Wednesday, November 4, 2009

Glenn and Helen Rex Frazier, Part 5

Anchors Aweigh, my boys, Anchors Aweigh!

We lived in Grandpa [Frank Union] and Grandma [Emily Rufi] Frazier’s house the winter of 1949. My brother [Rex] and I were the only children on the Ranch. In the Spring Grandpa Frazier brought runt lambs wrapped in burlap sacks into Grandma’s kitchen. I remember him tucking one into a box and pushing it behind the coal stove. It was wet and limp. After a day or so it perked right up. I helped Grandma feed them from the back porch steps. After milking time, and the cans were pushed up to the house from the barn, the lambs got some warm milk, in pop bottles with black rubber nipples on top. The next Spring Rex and I were given two runt lambs as pets, Buttons and Bows. I don’t remember who suggested those names, but I’m certain they came from a Dinah Shore song that my parents liked.

Only sweet memories remain from those times. I’d walk up the hill with Grandma Frazier to the sheep pens. We’d pull tufts of lamb’s wool from barbed wire fences and fill Grandma’s apron with them. She wasted not a thing. And we gathered up wood chips near the woodpile to fill her apron. She needed them to start the fire in her Monarch kitchen range.

In Grandma Frazier’s kitchen, Grandpa would sit on the reclining caned ship-deck chair Glenn brought him from California. Pulling on his tall leather boots, and lacing them up, couldn’t be accomplished without sitting down. He always had some licorice for us. Dark black hard stuff he liked to suck on. He’d keep a little leather coin purse in the front pocket of his bibbed overalls, filled with licorice chips and pieces,.

Rex and I attended school in Woodruff, as did Glenn and his father, Frank Union. Someone from the Ranch would drive us down each morning. We were able to take our roller skates to school on special days, and after lunch, we would skate around on the wood floor in the 2nd floor auditorium. Sometimes we were permitted to skate in our class room. There were two classrooms; the younger grades in one, the older grades in the other.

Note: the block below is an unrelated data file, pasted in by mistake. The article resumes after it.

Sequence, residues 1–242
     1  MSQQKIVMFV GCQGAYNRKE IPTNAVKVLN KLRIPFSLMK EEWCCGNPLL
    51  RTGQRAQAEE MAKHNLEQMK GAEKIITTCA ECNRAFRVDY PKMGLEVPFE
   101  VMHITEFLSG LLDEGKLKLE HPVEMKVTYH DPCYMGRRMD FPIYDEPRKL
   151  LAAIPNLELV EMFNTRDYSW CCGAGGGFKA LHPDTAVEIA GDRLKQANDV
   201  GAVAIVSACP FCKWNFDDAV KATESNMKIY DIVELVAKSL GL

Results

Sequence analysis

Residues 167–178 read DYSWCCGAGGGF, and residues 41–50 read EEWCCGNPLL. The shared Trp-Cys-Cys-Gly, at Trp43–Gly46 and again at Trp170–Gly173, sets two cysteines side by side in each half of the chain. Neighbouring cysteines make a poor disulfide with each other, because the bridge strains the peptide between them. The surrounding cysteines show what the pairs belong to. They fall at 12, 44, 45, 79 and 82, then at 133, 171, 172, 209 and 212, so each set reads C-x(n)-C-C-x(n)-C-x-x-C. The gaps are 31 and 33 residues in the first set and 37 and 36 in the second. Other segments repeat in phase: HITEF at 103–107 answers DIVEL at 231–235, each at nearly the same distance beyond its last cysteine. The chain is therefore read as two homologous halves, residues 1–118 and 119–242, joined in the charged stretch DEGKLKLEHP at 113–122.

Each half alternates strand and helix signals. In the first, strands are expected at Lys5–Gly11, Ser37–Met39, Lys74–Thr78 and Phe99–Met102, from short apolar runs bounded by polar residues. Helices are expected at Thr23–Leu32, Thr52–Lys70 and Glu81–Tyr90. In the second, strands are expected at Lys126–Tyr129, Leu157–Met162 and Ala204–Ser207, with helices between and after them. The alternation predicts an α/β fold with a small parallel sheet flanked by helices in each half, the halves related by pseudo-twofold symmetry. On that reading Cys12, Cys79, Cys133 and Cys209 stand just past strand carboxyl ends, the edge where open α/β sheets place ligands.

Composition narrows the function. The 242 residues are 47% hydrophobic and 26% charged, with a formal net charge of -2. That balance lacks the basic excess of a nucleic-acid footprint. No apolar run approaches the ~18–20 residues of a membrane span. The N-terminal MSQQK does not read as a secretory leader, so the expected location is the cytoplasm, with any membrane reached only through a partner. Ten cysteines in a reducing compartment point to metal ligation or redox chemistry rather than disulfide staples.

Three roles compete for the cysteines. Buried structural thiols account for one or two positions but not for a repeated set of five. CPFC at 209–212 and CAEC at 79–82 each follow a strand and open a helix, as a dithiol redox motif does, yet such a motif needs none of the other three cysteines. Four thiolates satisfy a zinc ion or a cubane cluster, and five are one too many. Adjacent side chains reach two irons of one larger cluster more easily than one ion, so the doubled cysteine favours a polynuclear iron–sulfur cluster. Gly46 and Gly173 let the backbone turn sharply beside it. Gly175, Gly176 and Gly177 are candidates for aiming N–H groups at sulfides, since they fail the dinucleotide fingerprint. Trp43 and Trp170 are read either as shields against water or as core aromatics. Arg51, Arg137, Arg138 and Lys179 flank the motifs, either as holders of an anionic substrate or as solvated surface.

The teacher would watch us safely cross the highway to the Church across the street on Primary day. There was a pot-bellied stove in our classroom in the church. Sometimes the ditch running around the school block had skeeters skating across the water. We’d lay along the ditch and try to catch them.

The Frazier's raised sheep, and every other kind of farm animal. And there were plenty of kittens to play with. Glenn Frazier was an apt sheepherder. His son is amazed recalling his Dad’s ability to whistle for his sheep. “The sheep would all be out on the back fence. Dad would whistle and the sheep would come to him.”

Once, some of his sheep became lost. His son remembers “looking out of the house and seeing Dad prepared to go hunt for them. He was sitting on his horse dressed like a mountain man in his sheepskin coat, hat, and saddle bags. He had three or four horses packed up to take with him, and go look for the lost sheep.”

That winter saw 47 degree-below-zero weather. Glenn’s ears got frostbite. There don’t appear to be any surviving pictures of the snow at the Ranch in Woodruff during the winters of 1949 and 1950. I do recall them. After the second winter Glenn declared, “I’ll never spend another winter here!” And there were other reasons for leaving Woodruff.

Helen arranged for tap dance lessons for me. We traveled the ten miles to Randolph, or the twenty-nine miles to Evanston, for lessons and the recital. In the picture above I’m the shortest girl on the far right. We tap danced to Anchors Aweigh my boys, Anchors Aweigh! I thought that was a World War II song. Not originally, according to Wikipedia. The only girl I remember in the picture is my cousin, Kathy Rufi [daughter of Jake and Mary Rex Rufi]. She’s the blonde, two to the left of me. I think the boy in the middle’s last name was Stuart. Our mother’s made our costumes; white satin with red bows and royal blue sequins. There was some misunderstanding about how many inches from the hem the blue sequins were to be sewn. I would like to know who the other dancers are. Can anyone help me with that?

(To be continued.)
The picture of the Woodruff School is on this post.
The picture of the Woodruff Church is on this post.

Author's personal account. Picture from Glenn and Helen Rex collection.

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